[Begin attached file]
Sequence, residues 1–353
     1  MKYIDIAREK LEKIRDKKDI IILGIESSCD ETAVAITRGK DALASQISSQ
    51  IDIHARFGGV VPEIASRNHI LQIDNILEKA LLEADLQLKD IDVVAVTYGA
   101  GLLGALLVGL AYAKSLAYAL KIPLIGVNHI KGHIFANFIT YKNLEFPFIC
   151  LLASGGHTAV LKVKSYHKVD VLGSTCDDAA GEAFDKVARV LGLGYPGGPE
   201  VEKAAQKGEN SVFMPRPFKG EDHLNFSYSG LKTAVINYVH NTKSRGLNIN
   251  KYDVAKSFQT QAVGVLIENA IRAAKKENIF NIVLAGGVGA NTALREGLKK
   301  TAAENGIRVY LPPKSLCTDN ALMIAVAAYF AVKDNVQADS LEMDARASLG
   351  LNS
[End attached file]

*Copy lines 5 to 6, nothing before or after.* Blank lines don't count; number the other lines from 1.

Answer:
   151  LLASGGHTAV LKVKSYHKVD VLGSTCDDAA GEAFDKVARV LGLGYPGGPE
   201  VEKAAQKGEN SVFMPRPFKG EDHLNFSYSG LKTAVINYVH NTKSRGLNIN